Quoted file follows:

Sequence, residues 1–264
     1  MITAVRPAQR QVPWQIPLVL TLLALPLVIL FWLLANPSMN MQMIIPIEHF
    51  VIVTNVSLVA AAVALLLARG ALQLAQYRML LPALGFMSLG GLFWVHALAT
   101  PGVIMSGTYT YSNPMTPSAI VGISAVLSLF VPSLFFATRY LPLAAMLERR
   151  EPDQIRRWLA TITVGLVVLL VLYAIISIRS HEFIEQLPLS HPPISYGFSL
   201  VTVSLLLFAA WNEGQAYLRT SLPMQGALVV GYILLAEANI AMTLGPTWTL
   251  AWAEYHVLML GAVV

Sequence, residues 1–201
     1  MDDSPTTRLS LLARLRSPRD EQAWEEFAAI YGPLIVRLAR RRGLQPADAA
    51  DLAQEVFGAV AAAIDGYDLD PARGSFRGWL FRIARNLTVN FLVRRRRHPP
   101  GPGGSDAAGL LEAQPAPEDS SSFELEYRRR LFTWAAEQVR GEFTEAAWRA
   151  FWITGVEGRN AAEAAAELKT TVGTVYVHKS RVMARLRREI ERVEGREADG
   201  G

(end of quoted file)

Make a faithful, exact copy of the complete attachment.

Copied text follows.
Sequence, residues 1–264
     1  MITAVRPAQR QVPWQIPLVL TLLALPLVIL FWLLANPSMN MQMIIPIEHF
    51  VIVTNVSLVA AAVALLLARG ALQLAQYRML LPALGFMSLG GLFWVHALAT
   101  PGVIMSGTYT YSNPMTPSAI VGISAVLSLF VPSLFFATRY LPLAAMLERR
   151  EPDQIRRWLA TITVGLVVLL VLYAIISIRS HEFIEQLPLS HPPISYGFSL
   201  VTVSLLLFAA WNEGQAYLRT SLPMQGALVV GYILLAEANI AMTLGPTWTL
   251  AWAEYHVLML GAVV

Sequence, residues 1–201
     1  MDDSPTTRLS LLARLRSPRD EQAWEEFAAI YGPLIVRLAR RRGLQPADAA
    51  DLAQEVFGAV AAAIDGYDLD PARGSFRGWL FRIARNLTVN FLVRRRRHPP
   101  GPGGSDAAGL LEAQPAPEDS SSFELEYRRR LFTWAAEQVR GEFTEAAWRA
   151  FWITGVEGRN AAEAAAELKT TVGTVYVHKS RVMARLRREI ERVEGREADG
   201  G